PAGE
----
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Louisiana surveys damage after Cat. 4 strike by Hurricane Laura

Louisiana surveys damage after Cat. 4 strike by Hurricane Laura

Friday, August 28, 2020

LAKE CHARLES, LA — The remnants of Hurricane Laura unleashed heavy rain and twisters hundreds of miles inland from the Gulf Coast, and now forecasters are warning of new dangers as the tropical weather blows toward the Eastern Seaboard this weekend.

Flooding and more tornadoes were possible Friday as the leftovers of the Category 4 hurricane, now a tropical depression, move eastward.

Forecasters said it could become a tropical storm again when it moves off the mid-Atlantic coast.

More than 750,000 homes and businesses were without power in Louisiana, Texas and Arkansas in the storm’s wake.

One of the strongest hurricanes ever to strike the United States, Laura was blamed for six deaths as it barrelled ashore near the Louisiana-Texas state line.

“It is clear that we did not sustain and suffer the absolute, catastrophic damage that we thought was likely,” Louisiana Gov. John Bel Edwards said. “But we have sustained a tremendous amount of damage.’’

Finishing search and rescue efforts was a top priority, Edwards said, followed by efforts to find hotel or motel rooms for those unable to stay in their homes. Officials in Texas and Louisiana both sought to avoid traditional mass shelters to avoid spreading COVID-19.

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Edwards called Laura the most powerful hurricane to strike Louisiana, meaning it surpassed even Katrina, which was a Category 3 storm when it hit in 2005.

The hurricane’s top wind speed of 241 kph put it among the strongest systems on record in the U.S. Not until 11 hours after landfall did Laura finally lose hurricane status as it plowed north and thrashed Arkansas. It remained a tropical storm Thursday night, sustaining winds of 65 kph, flooding roads and spawning tornadoes.

The storm crashed ashore in low-lying Louisiana and clobbered Lake Charles, an industrial and casino city of 80,000 people. On Broad Street, many buildings partially collapsed. Windows were blown out, awnings ripped away and trees split in eerily misshapen ways. A floating casino came unmoored and hit a bridge, and small planes were thrown atop each other at the airport.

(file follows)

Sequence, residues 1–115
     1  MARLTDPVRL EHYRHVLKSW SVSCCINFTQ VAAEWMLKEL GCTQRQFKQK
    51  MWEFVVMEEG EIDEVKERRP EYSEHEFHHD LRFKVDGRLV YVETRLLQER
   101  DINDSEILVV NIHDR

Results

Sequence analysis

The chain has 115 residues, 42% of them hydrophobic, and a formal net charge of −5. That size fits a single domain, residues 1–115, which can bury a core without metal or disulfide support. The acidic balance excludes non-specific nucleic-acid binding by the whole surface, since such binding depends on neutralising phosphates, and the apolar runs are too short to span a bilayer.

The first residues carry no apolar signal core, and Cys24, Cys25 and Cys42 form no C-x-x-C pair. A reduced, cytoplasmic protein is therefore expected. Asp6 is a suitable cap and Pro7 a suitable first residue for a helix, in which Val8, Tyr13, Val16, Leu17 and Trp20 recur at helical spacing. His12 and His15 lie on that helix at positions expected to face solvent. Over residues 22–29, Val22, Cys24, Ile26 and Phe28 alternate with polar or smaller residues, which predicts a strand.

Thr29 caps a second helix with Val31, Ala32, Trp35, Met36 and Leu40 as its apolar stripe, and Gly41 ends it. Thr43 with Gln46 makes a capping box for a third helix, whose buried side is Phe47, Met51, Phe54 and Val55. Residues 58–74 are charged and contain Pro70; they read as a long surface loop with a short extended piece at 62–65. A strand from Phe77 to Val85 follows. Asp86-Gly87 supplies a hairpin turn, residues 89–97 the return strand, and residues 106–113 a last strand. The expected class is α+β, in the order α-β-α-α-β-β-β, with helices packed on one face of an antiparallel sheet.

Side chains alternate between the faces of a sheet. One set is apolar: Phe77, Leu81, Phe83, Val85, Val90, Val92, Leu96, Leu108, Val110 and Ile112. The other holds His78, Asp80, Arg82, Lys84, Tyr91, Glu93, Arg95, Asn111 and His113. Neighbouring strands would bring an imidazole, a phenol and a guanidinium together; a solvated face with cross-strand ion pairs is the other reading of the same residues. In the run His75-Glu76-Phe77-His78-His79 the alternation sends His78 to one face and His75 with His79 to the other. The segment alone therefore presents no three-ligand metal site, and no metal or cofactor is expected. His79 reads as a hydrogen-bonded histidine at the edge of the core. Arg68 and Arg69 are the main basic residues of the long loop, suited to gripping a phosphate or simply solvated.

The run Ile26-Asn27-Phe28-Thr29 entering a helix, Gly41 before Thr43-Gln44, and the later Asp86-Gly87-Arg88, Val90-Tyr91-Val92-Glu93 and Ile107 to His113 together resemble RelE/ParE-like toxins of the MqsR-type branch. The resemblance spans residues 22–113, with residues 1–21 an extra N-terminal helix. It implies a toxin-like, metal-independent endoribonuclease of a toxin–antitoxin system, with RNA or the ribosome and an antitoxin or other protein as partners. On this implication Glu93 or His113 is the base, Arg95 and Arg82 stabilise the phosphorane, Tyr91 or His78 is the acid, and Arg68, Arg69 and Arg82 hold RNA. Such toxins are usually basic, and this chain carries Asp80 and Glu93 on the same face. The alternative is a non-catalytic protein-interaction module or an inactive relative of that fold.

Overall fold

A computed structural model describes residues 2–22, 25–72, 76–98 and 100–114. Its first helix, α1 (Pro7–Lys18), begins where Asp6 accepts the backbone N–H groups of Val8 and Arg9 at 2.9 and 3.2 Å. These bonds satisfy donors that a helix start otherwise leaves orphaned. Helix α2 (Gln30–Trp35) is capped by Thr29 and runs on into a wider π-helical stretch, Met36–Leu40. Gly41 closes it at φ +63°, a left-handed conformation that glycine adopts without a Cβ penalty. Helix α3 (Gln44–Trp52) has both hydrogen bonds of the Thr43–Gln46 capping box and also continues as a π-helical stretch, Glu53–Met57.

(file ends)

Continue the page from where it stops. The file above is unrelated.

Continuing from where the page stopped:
The extent of the damage was just coming into focus when a massive plume of smoke began rising from a chemical plant outside Lake Charles. Police said the leak was at a facility run by Biolab, which manufactures chemicals used in household cleaners and chlorine powder for pools. Nearby residents were told to close their doors and windows, and the fire smouldered into the night.

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A lower-than-expected storm surge also helped save lives. Edwards said ocean water rose as much as 12 feet (4 metres) rather than the 20 feet (6 metres) that was predicted.

More than 580,000 coastal residents evacuated despite fears of coronavirus infections. It’s unclear when their journeys might end. There’s no electricity or running water in many places, and the coastal towns of Cameron and Holly Beach were swamped. Restoring essential services could take weeks.

Laura was the seventh named storm to strike the U.S. this year, setting a new record for U.S. landfalls by the end of August. Laura hit the U.S. after killing nearly two dozen people in Haiti and the D.R.

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